Then, 10 years after he was first sued, in 2013 taking on Afterlife With Archie, the publisher's first attempt to create a teen readers Archie title for the comic book direct market. The series transformed the world of Archie into pulp horror, while also diversifying the characters in terms of sexuality. The success transformed the publishing line, opening up what was and was not acceptable from Archie Comics and following up on the work of Dan Parent in creating Kevin Keller and the series Life With Archie. Archie Comics as a whole relaunched in 2014, saw Aguirre-Sacasa promoted to chief creative officer, driving the new line of socially relevant titles as well as creating and writing the Riverdale teen drama for CW.
The public perception of Archie has been transformed by this and brought new attention to the line. That there is even a public debate over the treatment of Jughead as an ace/aro character, and that the world of Riverdale could even be seen as relevant to teenagers lifestyles again, is down to Roberto pushing at the same themes – and characters – present in the very play Archie Comics once tried to ban.
How can you not take pride in that?
Bleeding Cool reviewer Josh Davison brings us a pair to be proud of, James Tynion IV and Marguerite Bennett:
Writer/artist James Tynion IV has been responsible for a number of solid Batman-related titles in DC Comics in recent years. Though the series often maligned, I really enjoyed his work on Red Hood and the Outlaws. The criminally short-lived Talon was a truly great book all its own, and he revived my interest in the Batman: Detective Comics series in Rebirth. If you know my likely now-infamous opinion on Batman, then you know that takes a lot of effort.
A big part of what has drawn me back to Detective Comics was the focus on Batman-affiliated characters like Clayface, Spoiler, Orphan, and, most importantly, the queer character, Batwoman.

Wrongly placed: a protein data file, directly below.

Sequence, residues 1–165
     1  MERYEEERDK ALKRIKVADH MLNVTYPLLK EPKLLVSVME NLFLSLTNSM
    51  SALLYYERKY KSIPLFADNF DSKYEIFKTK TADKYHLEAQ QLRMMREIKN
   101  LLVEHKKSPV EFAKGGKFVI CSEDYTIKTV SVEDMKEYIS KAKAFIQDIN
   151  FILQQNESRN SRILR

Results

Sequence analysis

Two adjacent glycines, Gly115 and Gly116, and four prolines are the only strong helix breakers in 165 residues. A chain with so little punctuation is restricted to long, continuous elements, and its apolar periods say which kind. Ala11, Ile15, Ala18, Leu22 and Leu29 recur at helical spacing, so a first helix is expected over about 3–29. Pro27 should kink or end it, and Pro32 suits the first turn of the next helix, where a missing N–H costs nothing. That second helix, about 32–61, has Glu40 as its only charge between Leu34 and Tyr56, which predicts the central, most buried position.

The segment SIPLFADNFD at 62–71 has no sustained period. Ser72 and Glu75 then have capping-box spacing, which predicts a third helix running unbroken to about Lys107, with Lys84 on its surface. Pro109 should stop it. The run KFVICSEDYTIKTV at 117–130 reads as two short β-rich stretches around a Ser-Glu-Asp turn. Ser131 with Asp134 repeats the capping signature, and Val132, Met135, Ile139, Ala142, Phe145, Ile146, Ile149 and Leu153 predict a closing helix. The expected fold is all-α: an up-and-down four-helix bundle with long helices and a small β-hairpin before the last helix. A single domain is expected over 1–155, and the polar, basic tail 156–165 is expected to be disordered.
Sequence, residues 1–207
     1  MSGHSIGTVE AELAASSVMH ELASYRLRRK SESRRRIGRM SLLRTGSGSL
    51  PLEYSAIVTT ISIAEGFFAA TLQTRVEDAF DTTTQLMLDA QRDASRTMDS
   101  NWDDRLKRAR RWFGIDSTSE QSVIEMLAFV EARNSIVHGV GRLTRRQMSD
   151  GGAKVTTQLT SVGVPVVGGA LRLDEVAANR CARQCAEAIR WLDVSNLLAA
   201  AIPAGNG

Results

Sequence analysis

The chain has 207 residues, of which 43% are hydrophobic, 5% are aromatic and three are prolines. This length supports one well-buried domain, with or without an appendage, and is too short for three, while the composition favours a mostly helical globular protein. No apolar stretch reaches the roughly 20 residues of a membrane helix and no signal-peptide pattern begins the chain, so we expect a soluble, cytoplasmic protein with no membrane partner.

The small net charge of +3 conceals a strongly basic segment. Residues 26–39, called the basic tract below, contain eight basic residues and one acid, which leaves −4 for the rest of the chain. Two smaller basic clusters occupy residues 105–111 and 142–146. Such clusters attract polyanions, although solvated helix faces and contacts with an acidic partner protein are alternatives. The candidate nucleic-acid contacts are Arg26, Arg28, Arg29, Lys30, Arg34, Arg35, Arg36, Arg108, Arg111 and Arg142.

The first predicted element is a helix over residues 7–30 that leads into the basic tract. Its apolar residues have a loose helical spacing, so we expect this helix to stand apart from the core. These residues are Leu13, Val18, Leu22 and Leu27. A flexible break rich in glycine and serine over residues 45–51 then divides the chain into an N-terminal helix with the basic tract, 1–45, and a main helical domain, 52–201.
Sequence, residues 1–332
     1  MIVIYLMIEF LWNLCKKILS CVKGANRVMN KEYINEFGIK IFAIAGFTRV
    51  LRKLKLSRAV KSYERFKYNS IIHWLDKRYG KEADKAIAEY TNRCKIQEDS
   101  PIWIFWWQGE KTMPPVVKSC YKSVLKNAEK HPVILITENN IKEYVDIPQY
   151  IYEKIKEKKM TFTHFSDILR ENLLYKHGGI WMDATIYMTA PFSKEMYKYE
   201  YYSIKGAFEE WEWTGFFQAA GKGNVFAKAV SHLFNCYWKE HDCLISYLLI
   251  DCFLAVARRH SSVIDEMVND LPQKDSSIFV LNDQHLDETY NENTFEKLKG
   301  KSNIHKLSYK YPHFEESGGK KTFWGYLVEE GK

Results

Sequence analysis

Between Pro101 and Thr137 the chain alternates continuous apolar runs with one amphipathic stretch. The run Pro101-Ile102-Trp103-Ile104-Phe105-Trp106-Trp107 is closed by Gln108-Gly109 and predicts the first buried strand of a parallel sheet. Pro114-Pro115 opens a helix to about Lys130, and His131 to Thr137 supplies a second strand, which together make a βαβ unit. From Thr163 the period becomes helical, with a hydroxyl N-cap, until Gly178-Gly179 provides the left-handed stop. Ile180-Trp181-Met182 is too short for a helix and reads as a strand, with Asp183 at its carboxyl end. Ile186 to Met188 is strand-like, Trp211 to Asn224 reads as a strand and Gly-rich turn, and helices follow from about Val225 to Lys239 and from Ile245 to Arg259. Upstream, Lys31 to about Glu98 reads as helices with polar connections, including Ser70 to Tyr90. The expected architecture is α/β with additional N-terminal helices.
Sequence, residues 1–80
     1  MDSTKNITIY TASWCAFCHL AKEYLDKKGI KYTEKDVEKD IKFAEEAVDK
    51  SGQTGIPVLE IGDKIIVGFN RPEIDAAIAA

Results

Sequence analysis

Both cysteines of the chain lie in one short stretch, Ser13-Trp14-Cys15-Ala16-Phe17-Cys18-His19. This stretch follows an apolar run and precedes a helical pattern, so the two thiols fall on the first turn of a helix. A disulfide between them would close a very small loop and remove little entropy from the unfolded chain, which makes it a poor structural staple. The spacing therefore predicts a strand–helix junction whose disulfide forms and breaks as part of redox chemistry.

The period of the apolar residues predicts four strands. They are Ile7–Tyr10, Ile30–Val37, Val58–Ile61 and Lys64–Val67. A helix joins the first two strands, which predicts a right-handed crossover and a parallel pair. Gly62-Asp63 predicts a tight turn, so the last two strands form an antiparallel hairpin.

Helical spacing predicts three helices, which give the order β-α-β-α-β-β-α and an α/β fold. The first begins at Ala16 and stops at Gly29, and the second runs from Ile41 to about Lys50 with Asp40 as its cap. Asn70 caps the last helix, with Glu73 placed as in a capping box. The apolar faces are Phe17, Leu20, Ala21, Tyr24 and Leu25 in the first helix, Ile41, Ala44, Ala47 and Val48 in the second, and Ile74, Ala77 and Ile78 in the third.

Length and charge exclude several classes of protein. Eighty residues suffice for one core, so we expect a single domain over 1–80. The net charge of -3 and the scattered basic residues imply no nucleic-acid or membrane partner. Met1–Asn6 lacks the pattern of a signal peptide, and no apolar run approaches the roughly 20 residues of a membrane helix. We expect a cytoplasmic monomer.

Batwoman is a great character, with an attitude and backstory that makes her one of the most interesting members of the Batman Family. She's not just a distaff counterpart Batman. In fact, she outshines him in many ways, willing to take her fight for justice to places that the Batman won't go.
Mr. Tynion has had an associate in writing the story of Batwoman that I would be greatly remiss to not mention, Marguerite Bennett.
While widely known for writing the girl-power centric DC Bombshells and a portion on Earth 2: World's End, Bennett's work on Batwoman is fantastic and stuck with me the most. Bennett's experience as a queer woman has given her an insight into the character of Katherine Kane that many writers would not be able to bring.
Both of these LGBTQ+ writers are incredibly talented and have brought a lot to the realm of DC Comics. Their stories have brought many, including myself, great joy. Their contributions are definitely worth celebrating this month of LGBTQ+ pride, and I salute them and their colleagues. You guys are awesome.
Finally, I would like to include the writer Steve Orlando in this little list:
Orlando made waves for me when he hit the DC scene with Midnighter, which featured an unapologetic and frank look at a gay character. His Midnighter was a man regularly in bed with another man, bedroom floor littered with condom wrappers, who used gay dating apps — and he was a total badass. There was no hiding, no making him "straight-acting" so he could "pass", no shying away from the truth of who the character is.
The action and high-concept sci-fi superhero awesomeness was mind-blowing. The popularity meant the series got a brief reprise with Midnighter & Apollo, and now Orlando is writing Justice League of America.
Orlando is getting to tackle one of DC's biggest properties, and is using it to include one of the most diverse line-ups the team has had. He's also shown a wonderful sense of a team fighting for social justice through the medium of big, epic superhero showdowns. The series is making strides in showing that social justice is not a dirty word by making characters like Lobo, Batman, Vixen, Black Canary, The Ray, Killer Frost and The Atom into social justice warriors.
And let's not forget Orlando's work outside of DC. Virgil, which presented an honest look at the kind of violence the LGBTQ community faces in Jamaica through the lens of a powerful, action-packed blaxploitation-style revenge story, and Namesake, a sci-fi fantasy story featuring a lead character who is the child of gay fathers.
Orlando makes the story first, but doesn't use that as an excuse to ignore the chance to improve diversity and representation. Orlando's work is wonderfully deep and full of the kind of diversity we should all, as a community and an audience, should strive toward and demand.
This list includes just some of the creators and comics that Bleeding Cool is proud of this Pride Month. Who would you have included?